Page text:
Lincoln, Neb.-- Sixty-one Nebraska school districts may soon keep a closer eye on Nebraska student fitness and well-being, all aimed at making them healthier kids and better test takers.
The Nebraska Association of School Boards (NASB) hopes the data they've collected changes the health culture in the state, and gets smaller school districts involved as well.
One Nebraska doctor said he's already seen a decline in student physical activity in the state.
"One day, when I was taking care of a little third grade kid who was obese," Dr. Bob Rauner said, "I was trying to find more ways to get him motivated to be active.
"I asked him a question, what do you like to do when you're playing at recess? He looked at me and said we don't have recess at my school."
The state hopes by collecting information like student weight, aerobic fitness level and even economic backgrounds, they can improve student health and their minds.
With that, the Nebraska Whole Child Project (NWCP) has formed in an effort to gather that type of information and put it in a central location. They hope to study the data and determine what is relevant to the academic success of Nebraska school children.
It's in conjunction with the Nebraska Association of School Boards.
John Spatz, with the NASB, said they're hoping to interest the private health care sector to take interest and potentially fund programs.
"And then, at some point," Spatz said, "to be able to provide resources for school districts to enable to them to do things to promote a healthy culture."
Ultimately, the NWCP wants all the members and districts involved to have access to the following services: training and technical assistance to assess weight status and aerobic fitness, a central database to house the health and wellness data collected by the members and experts to study the resulting data and report back to the school districts.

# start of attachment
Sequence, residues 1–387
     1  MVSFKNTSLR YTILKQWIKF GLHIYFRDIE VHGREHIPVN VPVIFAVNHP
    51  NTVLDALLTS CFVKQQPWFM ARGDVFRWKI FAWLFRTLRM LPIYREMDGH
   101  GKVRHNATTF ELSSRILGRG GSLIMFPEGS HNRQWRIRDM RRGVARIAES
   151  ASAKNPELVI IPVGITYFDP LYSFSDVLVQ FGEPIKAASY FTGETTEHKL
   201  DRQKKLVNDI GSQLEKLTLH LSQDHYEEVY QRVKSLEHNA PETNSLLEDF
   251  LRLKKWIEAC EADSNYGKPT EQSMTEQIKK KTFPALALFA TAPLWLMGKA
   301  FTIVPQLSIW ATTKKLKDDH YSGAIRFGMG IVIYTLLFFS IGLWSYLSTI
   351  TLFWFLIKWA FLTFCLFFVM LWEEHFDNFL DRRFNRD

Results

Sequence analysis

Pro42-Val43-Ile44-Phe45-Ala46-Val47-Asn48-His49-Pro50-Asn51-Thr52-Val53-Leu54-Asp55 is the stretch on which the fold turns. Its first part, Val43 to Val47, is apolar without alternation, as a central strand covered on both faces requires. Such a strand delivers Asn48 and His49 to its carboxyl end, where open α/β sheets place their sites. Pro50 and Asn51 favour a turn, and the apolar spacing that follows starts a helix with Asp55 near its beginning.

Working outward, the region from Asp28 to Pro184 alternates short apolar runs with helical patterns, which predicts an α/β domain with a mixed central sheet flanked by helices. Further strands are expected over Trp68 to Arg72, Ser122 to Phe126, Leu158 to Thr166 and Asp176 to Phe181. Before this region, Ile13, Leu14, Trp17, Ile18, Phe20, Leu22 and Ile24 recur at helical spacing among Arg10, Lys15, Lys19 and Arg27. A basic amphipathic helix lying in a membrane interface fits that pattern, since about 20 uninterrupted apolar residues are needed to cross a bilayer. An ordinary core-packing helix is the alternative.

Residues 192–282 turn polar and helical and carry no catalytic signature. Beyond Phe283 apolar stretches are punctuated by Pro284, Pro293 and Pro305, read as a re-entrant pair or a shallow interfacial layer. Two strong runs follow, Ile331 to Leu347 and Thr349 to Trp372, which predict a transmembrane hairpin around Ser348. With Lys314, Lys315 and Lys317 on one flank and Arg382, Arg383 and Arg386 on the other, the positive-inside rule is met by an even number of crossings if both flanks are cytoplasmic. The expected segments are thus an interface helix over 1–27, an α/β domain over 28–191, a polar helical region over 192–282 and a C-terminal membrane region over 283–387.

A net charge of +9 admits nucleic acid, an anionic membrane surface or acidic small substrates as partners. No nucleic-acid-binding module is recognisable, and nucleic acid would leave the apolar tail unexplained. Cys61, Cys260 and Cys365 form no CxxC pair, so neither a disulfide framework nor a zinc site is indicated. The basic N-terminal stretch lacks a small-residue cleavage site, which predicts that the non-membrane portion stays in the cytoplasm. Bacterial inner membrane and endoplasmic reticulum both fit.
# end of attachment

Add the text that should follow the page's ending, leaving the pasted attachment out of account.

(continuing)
Much of the data they've collected so far comes from Lincoln and Kearney Public Schools, though they did they did say other districts have been involved. Some of the data they collected, for example, said 81 percent of students that passed an aerobic fit test in the state also passed state math tests. Conversely, 64 percent of "non-fit" students didn't pass their state tests.
Ultimately, state education leaders said they're still compiling data and determining successful avenues for utilizing the information. They said they'll meet in a couple of weeks or months after they've had time to get more data and discuss the issues with other interested parties.
"As far as collaboration between the private and the public," Patty Bentzinger, of the Norris Public School board, said, "this is the first time I've been on the board that we've been talking about that, and it's kind of exciting."